Welcome, folks, to the 200th EPISODE!
This one is going to be all about predictions for the rest of 2023 and 2024. The bottom line? Um, David has been right so far about these predictions and many economists are following right along. But, he’s going to give you all the facts so you can follow along and make some of your own predictions along the way.
Here are some power takeaways from today’s conversation:
What experts are saying – the good, the bad, and the ugly
Why a crash is impossible
What’s up with mortgage rates
What is going to happen to housing prices
[04:15] A Quick Recap
Despite high interest rates and high home prices and high mortgage rates, it’s all going even higher this summer. Patterns indicate that the numbers will steadily increase through 2024. If you’re hoping that they drop, well, they did drop. And you missed it – sorry! The only time home prices dropped month over month was from July 2022 to January 2023. Now, we’re right back where we started – that steady increase. And what’s the cause of that? Well, How to Buy a Homies, you know the answer. Say it with me: “LOW INVENTORY.” Because of this, David predicts that there will continue to be a steady increase with very little evidence showing that there could be a decrease.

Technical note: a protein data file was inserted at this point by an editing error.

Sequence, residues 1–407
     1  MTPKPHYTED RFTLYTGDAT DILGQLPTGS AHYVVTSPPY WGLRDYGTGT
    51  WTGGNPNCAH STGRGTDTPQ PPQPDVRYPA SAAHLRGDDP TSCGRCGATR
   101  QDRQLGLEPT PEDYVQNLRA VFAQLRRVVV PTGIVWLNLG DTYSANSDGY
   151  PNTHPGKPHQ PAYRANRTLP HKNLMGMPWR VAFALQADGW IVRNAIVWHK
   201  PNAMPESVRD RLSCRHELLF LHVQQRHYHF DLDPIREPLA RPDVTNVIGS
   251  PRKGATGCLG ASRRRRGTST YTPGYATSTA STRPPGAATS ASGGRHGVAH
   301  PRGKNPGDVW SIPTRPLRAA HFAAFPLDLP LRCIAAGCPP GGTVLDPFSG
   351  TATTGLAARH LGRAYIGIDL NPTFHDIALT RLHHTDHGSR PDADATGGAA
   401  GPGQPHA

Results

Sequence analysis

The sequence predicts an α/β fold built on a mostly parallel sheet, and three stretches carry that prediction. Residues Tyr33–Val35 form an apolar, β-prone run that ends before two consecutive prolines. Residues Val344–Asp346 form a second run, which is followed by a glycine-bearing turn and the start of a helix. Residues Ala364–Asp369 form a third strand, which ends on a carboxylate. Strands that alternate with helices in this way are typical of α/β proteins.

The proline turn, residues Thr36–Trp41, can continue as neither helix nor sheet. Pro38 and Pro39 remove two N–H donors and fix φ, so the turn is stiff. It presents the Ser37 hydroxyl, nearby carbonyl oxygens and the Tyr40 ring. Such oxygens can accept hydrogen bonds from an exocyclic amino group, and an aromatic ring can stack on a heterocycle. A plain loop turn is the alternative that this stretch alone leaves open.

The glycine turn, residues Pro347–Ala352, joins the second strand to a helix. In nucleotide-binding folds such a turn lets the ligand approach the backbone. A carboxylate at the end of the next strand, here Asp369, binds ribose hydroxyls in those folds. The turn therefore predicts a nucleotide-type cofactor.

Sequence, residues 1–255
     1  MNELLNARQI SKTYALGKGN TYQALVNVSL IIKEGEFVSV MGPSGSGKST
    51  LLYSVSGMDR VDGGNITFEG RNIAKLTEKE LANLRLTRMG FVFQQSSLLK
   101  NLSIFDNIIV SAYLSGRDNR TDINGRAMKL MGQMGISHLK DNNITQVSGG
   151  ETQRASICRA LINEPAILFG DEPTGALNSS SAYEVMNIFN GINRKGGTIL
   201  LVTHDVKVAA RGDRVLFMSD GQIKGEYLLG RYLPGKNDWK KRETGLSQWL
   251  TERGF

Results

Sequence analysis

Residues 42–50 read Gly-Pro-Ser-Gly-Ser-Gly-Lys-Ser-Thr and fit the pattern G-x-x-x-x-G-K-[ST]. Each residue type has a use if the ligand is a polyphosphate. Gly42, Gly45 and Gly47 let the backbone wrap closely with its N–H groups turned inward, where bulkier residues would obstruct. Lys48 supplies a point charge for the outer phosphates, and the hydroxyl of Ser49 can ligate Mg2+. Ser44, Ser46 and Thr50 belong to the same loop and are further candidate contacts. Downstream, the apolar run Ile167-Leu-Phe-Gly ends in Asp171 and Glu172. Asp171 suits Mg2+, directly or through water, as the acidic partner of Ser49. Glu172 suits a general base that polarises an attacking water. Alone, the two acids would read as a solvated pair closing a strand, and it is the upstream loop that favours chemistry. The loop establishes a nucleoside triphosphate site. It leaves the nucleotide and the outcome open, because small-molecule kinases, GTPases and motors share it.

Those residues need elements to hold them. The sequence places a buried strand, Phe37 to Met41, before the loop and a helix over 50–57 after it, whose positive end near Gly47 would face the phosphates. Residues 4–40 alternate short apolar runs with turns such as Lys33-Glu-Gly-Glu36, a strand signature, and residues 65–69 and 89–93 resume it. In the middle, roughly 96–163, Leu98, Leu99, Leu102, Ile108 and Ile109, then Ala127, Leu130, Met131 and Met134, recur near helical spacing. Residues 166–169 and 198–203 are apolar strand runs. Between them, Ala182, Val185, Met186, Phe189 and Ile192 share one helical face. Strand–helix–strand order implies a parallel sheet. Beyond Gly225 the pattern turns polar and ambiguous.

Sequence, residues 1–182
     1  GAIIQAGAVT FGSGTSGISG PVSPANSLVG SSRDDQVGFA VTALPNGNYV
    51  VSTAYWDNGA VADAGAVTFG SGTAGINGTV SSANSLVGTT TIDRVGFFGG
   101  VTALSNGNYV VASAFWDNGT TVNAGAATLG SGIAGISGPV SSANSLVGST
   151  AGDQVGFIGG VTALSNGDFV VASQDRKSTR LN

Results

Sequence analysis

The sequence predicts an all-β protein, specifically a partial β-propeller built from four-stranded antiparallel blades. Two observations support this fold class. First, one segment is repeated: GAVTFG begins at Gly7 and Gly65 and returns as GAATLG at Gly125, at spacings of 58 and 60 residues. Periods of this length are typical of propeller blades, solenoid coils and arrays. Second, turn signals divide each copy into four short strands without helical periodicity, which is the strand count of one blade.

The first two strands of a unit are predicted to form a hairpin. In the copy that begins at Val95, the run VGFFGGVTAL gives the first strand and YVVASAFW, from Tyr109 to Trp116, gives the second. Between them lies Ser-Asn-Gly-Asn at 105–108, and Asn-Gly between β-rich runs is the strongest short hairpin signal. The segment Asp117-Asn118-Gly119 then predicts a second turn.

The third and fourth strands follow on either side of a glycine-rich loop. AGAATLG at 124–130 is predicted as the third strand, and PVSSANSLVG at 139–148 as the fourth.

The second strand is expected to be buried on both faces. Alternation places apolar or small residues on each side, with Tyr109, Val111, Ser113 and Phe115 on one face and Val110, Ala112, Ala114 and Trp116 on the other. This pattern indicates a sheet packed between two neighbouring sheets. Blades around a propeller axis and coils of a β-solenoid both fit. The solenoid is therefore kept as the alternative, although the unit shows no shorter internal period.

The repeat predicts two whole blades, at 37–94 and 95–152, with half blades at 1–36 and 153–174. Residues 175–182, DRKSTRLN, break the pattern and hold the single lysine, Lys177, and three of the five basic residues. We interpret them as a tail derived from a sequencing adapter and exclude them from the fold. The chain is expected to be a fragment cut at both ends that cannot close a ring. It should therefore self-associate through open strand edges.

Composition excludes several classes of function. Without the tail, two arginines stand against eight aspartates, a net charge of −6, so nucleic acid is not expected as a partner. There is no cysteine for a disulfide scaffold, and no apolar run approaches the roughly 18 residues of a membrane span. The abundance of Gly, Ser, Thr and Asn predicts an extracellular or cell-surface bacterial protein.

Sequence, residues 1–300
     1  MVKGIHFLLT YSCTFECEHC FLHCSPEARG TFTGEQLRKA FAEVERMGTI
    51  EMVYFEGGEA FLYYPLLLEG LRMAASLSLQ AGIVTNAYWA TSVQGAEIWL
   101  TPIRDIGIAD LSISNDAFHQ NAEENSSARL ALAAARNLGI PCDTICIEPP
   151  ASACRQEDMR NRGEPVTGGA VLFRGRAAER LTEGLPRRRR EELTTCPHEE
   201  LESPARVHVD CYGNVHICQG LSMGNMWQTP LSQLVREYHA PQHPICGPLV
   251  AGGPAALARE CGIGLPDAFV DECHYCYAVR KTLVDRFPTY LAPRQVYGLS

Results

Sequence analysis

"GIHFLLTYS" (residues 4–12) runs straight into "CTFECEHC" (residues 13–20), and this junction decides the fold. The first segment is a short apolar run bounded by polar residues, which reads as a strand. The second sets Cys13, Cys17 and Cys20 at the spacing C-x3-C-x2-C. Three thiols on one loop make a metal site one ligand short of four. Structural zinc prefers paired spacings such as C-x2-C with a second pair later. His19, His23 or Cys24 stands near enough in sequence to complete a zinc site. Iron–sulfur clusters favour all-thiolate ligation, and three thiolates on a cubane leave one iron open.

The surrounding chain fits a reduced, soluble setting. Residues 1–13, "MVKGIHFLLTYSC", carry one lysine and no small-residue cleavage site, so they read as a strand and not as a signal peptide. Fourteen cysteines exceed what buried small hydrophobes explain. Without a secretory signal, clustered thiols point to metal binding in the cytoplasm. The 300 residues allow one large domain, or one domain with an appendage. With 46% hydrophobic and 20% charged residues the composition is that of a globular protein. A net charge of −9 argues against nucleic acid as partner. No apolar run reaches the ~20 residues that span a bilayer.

[15:45] Will There Be a Housing Crash?
Well, probably not. According to the research David did, there are a few folks out there who think there could be, but the majority of sources say, “No, there won’t be one.” As David says, a housing crash, or a housing bubble, is financially and physically impossible when you break down the data. A crash can only happen when the number of homes outweighs the demand, but as we’ve said over and over and over again, inventory is low . There aren’t enough homes to keep prices down, so we’re going to be stuck in the slowly rising prices here for a little while.
[34:34] Recessions Aren’t Always Bad for Housing
As in many cases, our trusty friends the Feds like to jump in and get involved with the banking process. According to some experts, inflation occurs when the Feds raise the bank rates too fast and lower them too slowly. This can cause a recession, but not always a big one. In today’s economic climate, it appears that we’re in a mini recession. But, typically in recessions (besides that crazy time in 2008), house prices go up. However, even in recessions, housing is a safe and stable investment.